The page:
Pop & Hiss

The L.A. Times music blog

« Previous Post | Pop & Hiss Home | Next Post »

Album review: Marianne Faithfull's 'Horses and High Heels'

June 27, 2011 |  6:48 pm

Faithfull Don’t be fooled by the rich colors and bright sunlight on the cover of Marianne Faithfull’s 23rd album: The whiskey-voiced singer whose career has been marked by dark tales of doomed liaisons sung in a world-weary style that harks directly back to cabaret progenitors Lotte Lenya and Marlene Dietrich hasn’t suddenly taken a turn to the emotional light. Look closer at the seashore cover image and you’ll spot an empty pair of red high heels at the shoreline from which a horse is sauntering away.

Teaming again with producer Hal Willner, who oversaw her critically lauded 2008 album “Easy Come Easy Go,” Faithfull delves into what she seems to know best: decay of all varietals, including the decay of passion, of relationships, even of civilizations in Tennessee songwriter-playwright-actor R. B. Morris’ benedictory “That’s How Every Empire Falls.”

The album was recorded primarily in New Orleans with backing from a number of Crescent City aces who bring a lively funk groove to several tracks including Jackie Lomax’s “No Reason” and New Orleans R&B patriarch Allen Toussaint’s “Back In Baby’s Arms.”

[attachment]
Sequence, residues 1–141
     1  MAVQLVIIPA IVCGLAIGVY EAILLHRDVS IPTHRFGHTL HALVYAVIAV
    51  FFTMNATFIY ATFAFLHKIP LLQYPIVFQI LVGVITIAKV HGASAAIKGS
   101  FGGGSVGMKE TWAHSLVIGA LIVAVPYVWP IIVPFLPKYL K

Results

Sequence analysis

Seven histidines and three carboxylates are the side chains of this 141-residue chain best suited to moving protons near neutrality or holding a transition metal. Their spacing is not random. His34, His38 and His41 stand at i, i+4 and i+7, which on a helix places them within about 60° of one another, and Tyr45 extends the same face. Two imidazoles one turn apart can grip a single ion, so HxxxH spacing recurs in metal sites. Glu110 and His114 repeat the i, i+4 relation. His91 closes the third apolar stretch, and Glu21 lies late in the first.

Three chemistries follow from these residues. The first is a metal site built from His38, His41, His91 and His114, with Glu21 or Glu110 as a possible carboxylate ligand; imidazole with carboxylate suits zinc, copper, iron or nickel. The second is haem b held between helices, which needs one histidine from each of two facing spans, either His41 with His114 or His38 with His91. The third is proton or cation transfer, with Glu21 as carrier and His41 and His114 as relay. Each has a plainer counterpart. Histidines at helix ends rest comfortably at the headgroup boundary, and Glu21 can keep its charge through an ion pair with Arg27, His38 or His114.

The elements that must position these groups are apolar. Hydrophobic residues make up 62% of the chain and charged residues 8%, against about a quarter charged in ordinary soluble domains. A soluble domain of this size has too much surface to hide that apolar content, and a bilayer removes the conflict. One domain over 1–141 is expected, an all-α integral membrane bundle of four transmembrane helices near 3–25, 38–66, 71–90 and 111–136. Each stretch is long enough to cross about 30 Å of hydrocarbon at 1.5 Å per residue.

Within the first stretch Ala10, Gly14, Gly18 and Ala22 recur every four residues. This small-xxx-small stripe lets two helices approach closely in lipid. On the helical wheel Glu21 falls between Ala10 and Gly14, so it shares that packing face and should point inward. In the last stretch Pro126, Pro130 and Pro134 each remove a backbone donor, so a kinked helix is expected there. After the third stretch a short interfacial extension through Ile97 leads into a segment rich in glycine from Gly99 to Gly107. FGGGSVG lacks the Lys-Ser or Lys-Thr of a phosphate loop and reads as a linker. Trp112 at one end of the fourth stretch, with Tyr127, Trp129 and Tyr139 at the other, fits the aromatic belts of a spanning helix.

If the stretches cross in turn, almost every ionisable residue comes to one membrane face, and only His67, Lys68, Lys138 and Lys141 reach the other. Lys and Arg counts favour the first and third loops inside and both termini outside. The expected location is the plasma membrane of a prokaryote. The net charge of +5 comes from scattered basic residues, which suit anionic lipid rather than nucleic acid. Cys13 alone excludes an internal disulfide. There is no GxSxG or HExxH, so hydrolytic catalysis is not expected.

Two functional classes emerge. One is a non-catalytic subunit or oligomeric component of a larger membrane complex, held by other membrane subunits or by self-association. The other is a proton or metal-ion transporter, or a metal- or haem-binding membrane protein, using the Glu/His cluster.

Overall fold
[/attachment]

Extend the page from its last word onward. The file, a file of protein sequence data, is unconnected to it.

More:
There’s stately rock elegance to “Prussian Blue” and the title track, two of the four numbers Faithfull co-wrote this time out, but the centerpiece may just be “Past, Present and Future.” The hyper-theatrical Arthur Butler-Jerry Leiber-George Francis Morton song sounds written for her with its fatalistic assessment of the prospect of happily ever after. “Was I ever in love?” she sings, uttering the query like it’s a distant and not terribly fond memory. Who else makes disillusionment sound so exquisitely beautiful?

— Randy Lewis

Marianne Faithfull
“Horses and High Heels”
Naïve
*** (Three stars out of four)

Comments 

Advertisement










Video